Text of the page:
How to Recognize (And Avoid) PDF-based Malware

 The world of cybercrime is vast and varied, but you can still make at least one generalization that holds true: hackers will always gravitate toward popular sites and programs in the hopes of maximizing the reward for their efforts. Put another way, this means that most software with a wide user base has its share of security threats.

Adobe Reader is a common PDF (portable document format) software that allows you to read documents but not edit them.  As PDFs grow in popularity, they are increasingly made the vehicle of cyberattacks. Adobe Reader has been repeatedly exploited by hackers. Many versions of PDF-based malware are triggered by the user opening an infected PDF file, which then gives hackers access to the computer.

One of the newer, scarier versions of Adobe malware sends out an update prompt that looks convincingly legitimate. It overwrites the real auto-updater function and opens up the computer to be controlled by a botnet.  (Botnet is a jargon term for a collection of software agents, or robots, that run autonomously and automatically. The term is most commonly associated with malicious software, but it can also refer to a network of computers using distributed computing software. – Wikipedia)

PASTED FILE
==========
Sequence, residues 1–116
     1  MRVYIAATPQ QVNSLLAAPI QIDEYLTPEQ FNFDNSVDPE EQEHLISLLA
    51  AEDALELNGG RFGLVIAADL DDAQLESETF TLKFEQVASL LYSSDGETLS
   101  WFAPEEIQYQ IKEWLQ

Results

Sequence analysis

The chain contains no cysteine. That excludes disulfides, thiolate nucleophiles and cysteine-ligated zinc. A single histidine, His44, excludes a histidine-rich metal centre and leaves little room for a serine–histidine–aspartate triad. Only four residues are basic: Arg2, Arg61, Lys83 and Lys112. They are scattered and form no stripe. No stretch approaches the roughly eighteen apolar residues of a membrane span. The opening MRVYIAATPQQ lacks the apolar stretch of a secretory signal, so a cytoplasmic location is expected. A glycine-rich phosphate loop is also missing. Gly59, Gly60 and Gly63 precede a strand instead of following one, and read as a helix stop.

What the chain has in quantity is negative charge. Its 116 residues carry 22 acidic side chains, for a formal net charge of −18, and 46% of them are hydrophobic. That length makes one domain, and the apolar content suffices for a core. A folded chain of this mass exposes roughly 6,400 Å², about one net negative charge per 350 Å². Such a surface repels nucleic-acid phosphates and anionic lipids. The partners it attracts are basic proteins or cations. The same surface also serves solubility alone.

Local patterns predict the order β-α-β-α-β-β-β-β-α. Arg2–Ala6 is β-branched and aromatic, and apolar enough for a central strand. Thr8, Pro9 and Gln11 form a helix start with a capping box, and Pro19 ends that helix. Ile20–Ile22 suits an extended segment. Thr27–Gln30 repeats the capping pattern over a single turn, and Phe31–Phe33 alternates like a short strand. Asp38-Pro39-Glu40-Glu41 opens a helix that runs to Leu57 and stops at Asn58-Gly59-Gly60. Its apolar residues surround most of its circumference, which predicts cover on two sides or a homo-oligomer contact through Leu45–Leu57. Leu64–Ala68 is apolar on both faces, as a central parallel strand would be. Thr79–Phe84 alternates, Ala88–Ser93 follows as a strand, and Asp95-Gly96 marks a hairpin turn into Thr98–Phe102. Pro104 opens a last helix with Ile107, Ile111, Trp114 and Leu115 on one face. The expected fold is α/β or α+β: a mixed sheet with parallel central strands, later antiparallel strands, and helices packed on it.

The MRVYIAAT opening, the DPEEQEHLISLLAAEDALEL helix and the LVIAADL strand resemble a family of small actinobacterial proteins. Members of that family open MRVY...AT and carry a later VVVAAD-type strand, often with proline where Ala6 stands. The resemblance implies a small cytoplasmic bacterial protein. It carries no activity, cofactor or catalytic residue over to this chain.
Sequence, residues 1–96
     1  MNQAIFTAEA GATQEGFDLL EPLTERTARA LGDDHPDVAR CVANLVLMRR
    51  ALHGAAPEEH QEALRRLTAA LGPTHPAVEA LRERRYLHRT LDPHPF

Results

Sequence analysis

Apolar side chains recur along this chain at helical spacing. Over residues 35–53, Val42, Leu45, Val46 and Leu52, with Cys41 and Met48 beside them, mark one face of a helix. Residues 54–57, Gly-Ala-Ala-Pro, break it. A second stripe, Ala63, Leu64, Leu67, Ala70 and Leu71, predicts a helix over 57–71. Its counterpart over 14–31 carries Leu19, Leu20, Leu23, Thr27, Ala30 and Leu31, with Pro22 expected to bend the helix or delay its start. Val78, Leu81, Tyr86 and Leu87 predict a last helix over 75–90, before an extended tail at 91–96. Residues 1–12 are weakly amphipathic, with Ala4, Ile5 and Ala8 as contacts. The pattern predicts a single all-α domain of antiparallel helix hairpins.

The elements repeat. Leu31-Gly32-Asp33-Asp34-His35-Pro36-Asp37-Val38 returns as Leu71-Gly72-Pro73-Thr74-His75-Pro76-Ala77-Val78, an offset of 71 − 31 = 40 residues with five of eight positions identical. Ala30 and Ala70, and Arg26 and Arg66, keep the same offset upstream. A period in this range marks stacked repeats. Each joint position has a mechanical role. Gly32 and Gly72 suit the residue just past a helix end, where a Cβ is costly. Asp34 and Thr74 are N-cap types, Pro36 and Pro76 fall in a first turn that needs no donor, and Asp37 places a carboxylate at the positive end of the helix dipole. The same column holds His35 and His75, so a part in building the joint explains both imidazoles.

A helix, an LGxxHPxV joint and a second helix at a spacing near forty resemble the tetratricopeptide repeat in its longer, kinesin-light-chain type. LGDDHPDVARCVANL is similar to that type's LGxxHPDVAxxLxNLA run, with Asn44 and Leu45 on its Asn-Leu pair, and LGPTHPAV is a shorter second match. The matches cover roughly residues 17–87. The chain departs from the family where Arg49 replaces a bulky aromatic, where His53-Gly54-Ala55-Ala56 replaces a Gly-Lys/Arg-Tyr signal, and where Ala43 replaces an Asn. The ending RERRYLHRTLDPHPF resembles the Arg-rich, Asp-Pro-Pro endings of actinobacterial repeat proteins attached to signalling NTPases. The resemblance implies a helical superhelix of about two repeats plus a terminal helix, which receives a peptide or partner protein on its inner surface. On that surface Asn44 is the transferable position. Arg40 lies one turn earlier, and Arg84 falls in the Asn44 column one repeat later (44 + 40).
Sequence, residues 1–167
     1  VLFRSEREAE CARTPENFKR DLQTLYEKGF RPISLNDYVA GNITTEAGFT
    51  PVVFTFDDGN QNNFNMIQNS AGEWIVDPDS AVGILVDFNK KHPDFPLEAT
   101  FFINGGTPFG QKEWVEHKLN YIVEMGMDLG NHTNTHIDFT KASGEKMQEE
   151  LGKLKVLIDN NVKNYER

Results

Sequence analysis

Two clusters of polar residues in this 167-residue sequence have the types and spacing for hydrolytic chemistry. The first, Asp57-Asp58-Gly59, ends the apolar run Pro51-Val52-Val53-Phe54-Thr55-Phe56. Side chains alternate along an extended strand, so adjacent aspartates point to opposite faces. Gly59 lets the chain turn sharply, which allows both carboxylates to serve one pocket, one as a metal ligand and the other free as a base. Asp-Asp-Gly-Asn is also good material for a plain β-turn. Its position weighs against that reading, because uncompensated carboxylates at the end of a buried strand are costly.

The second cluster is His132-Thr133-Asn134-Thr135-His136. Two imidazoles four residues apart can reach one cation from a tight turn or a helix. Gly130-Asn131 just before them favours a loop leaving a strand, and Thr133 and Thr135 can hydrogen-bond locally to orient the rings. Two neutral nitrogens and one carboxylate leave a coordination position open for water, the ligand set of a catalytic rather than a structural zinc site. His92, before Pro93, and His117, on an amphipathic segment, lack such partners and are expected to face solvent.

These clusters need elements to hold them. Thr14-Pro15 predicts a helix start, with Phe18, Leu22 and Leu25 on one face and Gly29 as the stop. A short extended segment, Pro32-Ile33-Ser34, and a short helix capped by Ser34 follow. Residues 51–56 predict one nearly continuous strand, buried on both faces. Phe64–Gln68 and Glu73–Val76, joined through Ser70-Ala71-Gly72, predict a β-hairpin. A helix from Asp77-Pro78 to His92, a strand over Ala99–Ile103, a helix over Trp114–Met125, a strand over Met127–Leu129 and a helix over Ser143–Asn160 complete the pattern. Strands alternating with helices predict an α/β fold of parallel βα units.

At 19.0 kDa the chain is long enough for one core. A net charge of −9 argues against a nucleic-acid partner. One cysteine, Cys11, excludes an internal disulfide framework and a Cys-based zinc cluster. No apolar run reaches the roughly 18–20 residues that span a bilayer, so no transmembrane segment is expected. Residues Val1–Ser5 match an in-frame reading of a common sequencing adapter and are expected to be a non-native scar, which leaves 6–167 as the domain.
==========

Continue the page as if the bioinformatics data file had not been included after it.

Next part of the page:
If you want to protect yourself against PDF-based malware, you can do a number of things:

  1. First and most importantly, don’t open PDFs from people you don’t know.
  2. You can disable JavaScript in Acrobat and Reader. (Most attacks are executed via JavaScript.)
  3. Use good antivirus software and keep it up to date.
  4. Remember that individual software will occasionally require security updates, so you do need to keep an eye out for legitimate update prompts.
  5. Closely examine automatic update prompts to make sure they’re the “real thing.” If it’s misspelled, if the language is odd, or if logos or icons look like they’ve been altered, the prompt could be a fake.
  6. If you’re directed to a site to download an update, take a good look at the address bar. Legitimate updates to Flash and Acrobat will come from Adobe.com. Fraudulent ones will have a different address.

Advertisements

Leave a Reply

Fill in your details below or click an icon to log in:

WordPress.com Logo

You are commenting using your WordPress.com account. Log Out / Change )

Twitter picture

You are commenting using your Twitter account. Log Out / Change )

Facebook photo

You are commenting using your Facebook account. Log Out / Change )

Google+ photo

You are commenting using your Google+ account. Log Out / Change )

Connecting to %s

%d bloggers like this: